The Chicago Blackhawks made five signings on the first day of NHL free agency, highlighted by the return of veteran Patrick Sharp on a potential bargain deal. He took just $800,000 in base salary and $200,000 in potential bonuses to come back to his old stomping grounds.
The Hawks also added a pair of fourth-line forwards in Tommy Wingels and Lance Bouma, a third goaltender in Jean-Francois Berube, and a depth defenseman in Jordan Oesterle.
You’ll notice those are all pretty minor moves, and that’s because the Blackhawks didn’t have any money to spend. It’s apparent at this point that their plan going forward is to trade Marcus Kruger, hit a $75 million salary cap for opening day, then place Marian Hossa on long-term injured reserve on the second day of the season.
That’ll allow them to use up to $80.275 million in cap spending during the season, which will provide flexibility for injury management and accruing cap space that can go toward midseason additions. If the Hawks placed Hossa on LTIR before the season, they could spend the $80.275 million now, but they’d be tied into a roster with minimal flexibility.
So they’ve decided to keep it cheap, and add a few players on low-salary deals that should still allow them to hit $75 million. Here are some thoughts on each move.
Details: One year, $800,000 cap hit, plus $200,000 in performance bonuses
The most controversial move of the day, mainly because some people are getting a little tired of the retreads after Kris Versteeg, Brian Campbell, Johnny Oduya, etc. But in the case of Sharp, it’s hard to argue against this move at this time.
The deal Sharp took from the Blackhawks is ridiculously team-friendly. A $800,000 base salary means he’ll cost the same amount as Tomas Jurco, and with only $200,000 in potential bonuses, there’s no chance for a big cap overage like the ones they’ve had the past two seasons.
Sharp also might not be done! Yes, he’s had some serious injury issues that are worth noting and he’s 35 years old. But Bowman said his recent hip surgery was not a concern for the team in signing him, and he’s only one season removed from a 55-point season. He also shot just 5.5 percent last season. There’s usually a good chance that kind of stuff doesn’t last.
So I like this move. Whether Sharp tries to play in the top six or gets used on the third line, this beats putting all the chips on guys like Tanner Kero, Vinnie Hinostroza, and Jurco to produce.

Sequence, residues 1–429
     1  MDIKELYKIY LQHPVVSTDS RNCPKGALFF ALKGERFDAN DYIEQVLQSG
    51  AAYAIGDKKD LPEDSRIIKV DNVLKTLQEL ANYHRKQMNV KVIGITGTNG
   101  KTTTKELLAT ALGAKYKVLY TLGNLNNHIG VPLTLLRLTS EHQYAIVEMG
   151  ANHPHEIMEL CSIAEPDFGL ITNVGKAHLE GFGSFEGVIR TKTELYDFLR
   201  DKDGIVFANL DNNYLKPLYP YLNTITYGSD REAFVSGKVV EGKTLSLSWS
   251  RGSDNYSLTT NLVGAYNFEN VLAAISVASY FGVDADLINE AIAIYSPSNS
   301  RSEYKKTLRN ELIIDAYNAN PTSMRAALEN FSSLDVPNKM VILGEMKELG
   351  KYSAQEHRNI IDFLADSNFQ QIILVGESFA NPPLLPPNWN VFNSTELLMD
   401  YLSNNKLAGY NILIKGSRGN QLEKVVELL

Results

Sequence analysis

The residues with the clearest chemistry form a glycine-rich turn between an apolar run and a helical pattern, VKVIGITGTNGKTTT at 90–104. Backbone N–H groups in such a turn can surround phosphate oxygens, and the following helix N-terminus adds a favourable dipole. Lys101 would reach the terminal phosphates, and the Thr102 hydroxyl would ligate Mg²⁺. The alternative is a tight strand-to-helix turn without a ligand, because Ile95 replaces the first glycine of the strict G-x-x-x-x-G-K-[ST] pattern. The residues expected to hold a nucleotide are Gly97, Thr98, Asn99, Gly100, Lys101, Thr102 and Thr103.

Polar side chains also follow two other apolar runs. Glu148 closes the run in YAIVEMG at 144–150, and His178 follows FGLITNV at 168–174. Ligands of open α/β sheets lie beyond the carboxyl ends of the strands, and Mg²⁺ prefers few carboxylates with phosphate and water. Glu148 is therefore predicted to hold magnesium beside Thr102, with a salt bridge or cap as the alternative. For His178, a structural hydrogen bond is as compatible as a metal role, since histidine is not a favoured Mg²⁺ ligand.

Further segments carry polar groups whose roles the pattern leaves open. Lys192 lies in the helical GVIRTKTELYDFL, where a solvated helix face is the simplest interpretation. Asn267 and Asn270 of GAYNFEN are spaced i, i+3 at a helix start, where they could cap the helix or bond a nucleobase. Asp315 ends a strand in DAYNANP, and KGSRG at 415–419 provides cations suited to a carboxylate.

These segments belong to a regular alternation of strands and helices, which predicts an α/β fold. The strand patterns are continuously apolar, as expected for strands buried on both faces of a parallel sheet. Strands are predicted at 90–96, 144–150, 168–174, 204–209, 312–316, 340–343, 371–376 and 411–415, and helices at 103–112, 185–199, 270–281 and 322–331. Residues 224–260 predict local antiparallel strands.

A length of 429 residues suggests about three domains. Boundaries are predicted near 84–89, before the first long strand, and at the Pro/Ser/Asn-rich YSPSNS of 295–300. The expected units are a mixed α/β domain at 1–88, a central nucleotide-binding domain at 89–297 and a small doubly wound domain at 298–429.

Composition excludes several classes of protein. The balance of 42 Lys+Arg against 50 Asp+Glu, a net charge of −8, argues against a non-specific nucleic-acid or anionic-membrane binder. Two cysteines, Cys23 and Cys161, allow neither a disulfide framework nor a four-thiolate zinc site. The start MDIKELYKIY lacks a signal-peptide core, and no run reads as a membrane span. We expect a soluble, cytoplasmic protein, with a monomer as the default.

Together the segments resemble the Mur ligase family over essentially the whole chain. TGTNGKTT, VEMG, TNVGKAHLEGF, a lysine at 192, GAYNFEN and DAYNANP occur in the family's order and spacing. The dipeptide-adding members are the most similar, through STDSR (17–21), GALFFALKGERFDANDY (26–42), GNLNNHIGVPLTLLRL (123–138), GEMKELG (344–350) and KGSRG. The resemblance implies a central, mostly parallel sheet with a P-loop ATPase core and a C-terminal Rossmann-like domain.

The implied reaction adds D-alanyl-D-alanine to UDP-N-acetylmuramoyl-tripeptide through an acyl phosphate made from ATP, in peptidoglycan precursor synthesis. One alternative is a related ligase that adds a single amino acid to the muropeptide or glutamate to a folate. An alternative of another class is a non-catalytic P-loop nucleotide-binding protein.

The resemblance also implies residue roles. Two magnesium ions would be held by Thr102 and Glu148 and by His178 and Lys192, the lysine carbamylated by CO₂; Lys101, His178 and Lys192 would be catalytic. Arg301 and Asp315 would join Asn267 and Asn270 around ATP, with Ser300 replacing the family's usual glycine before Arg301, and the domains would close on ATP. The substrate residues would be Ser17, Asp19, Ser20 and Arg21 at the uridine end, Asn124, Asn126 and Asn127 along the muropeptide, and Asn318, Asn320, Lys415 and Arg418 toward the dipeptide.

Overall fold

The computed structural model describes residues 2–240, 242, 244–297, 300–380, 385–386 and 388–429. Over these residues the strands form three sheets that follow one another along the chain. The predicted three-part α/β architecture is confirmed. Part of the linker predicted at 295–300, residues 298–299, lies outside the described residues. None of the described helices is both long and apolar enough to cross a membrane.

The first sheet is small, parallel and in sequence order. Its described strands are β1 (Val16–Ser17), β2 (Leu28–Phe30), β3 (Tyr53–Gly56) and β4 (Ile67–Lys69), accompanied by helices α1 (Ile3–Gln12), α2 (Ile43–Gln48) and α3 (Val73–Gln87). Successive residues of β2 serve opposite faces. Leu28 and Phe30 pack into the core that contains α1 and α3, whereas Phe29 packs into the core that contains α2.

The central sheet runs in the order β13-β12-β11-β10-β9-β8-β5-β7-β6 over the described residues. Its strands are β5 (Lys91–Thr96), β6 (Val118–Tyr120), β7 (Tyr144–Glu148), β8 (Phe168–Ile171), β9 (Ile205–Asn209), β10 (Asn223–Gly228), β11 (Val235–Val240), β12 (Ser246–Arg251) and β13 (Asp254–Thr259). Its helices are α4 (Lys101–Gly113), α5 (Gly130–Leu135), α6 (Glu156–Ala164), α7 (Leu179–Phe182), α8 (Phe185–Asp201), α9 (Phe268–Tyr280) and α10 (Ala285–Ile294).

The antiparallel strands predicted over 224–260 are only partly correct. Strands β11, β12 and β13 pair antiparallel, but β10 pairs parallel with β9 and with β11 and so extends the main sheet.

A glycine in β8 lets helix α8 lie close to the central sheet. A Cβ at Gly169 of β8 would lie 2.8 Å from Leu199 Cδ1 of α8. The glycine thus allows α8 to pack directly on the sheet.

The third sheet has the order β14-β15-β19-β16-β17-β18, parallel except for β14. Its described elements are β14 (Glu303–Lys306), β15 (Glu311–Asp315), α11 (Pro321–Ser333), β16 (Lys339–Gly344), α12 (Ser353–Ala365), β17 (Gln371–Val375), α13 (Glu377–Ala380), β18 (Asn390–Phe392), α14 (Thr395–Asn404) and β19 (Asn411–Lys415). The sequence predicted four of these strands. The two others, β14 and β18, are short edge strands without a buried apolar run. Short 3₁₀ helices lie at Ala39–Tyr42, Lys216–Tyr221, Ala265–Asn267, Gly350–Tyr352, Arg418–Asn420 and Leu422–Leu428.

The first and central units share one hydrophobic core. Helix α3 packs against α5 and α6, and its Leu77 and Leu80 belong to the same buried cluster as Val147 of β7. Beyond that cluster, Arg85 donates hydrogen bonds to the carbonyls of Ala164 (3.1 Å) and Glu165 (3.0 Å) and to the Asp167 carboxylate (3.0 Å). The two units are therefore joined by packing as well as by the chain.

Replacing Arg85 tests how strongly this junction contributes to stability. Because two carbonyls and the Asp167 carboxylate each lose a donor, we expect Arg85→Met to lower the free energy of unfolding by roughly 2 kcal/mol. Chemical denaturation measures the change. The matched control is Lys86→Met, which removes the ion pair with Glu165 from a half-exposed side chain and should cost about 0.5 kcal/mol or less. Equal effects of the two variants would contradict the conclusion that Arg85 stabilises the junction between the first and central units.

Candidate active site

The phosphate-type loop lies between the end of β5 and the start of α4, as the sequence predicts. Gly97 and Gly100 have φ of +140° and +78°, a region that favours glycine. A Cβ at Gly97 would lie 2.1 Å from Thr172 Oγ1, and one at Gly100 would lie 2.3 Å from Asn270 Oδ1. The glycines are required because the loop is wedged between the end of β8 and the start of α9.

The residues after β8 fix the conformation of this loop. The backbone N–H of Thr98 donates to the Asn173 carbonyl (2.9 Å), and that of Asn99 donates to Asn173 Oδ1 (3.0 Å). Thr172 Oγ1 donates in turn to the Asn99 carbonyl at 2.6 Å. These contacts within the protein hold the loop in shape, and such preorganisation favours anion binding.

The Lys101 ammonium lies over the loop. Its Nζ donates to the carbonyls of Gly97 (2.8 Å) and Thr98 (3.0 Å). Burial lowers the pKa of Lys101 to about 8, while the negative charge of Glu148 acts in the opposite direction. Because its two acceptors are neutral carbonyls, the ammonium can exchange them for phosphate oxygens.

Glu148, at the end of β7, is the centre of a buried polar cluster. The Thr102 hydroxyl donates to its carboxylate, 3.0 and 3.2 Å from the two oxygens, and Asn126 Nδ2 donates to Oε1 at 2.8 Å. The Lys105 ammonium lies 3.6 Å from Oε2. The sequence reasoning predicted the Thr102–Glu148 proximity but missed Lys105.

Details: One year, cap hit unknown
The Blackhawks are never shy to add local players, and Wingels grew up just outside Chicago in Wilmette, Ill. He graduated from the same high school as me, so he gets bonus points for that.
Wingels is also a physical presence who immediately changes the Hawks’ dynamic a bit. It’s clear they feel like they got pushed around too much in the playoffs, so they’re hoping guys like Wingels can bring a bit more of an edge to stifle that.
Will it work out? I’m not sure, but ideally, Wingels will also find the offensive touch he had earlier in his career. The 29-year-old recorded 31 goals and 74 points over the 2013-14 and 2014-15 seasons with the Sharks. If he can produce at that level in the bottom six while bringing the grit? People will love the hometown product.
Details: One year, cap hit unknown
If the Blackhawks are going to lose Kruger, they’ll need help on the penalty kill. Bouma clearly is being brought in with that in mind. He’s a penalty killer with good size whose gotten minutes in that role for years.
The trouble is that Bouma hasn’t been all that effective.
He also has just 14 points over his last 105 games.
You can see what the Blackhawks are going after here, but if they’re hoping Bouma can help replace Kruger, that may not work out well.
Details: Two years, $750,000 cap hit
The Blackhawks needed a third goalie, and Berube is a fine choice. He struggled in a brief stint with the Islanders last season, but he’s consistently been solid in the AHL over the past few years.
The Hawks already have their top two in Corey Crawford and Anton Forsberg, so Berube will likely open the season in the AHL alongside Jeff Glass. It probably won’t be as nice as having Scott Darling around, but the Hawks have addressed their complete lack of goalie depth for the time being.
Details: Two years, $650,000 cap hit
Another defenseman to throw into the mix for depth. He’s recorded 57 points in 88 AHL games over the past two seasons. Sure, why not.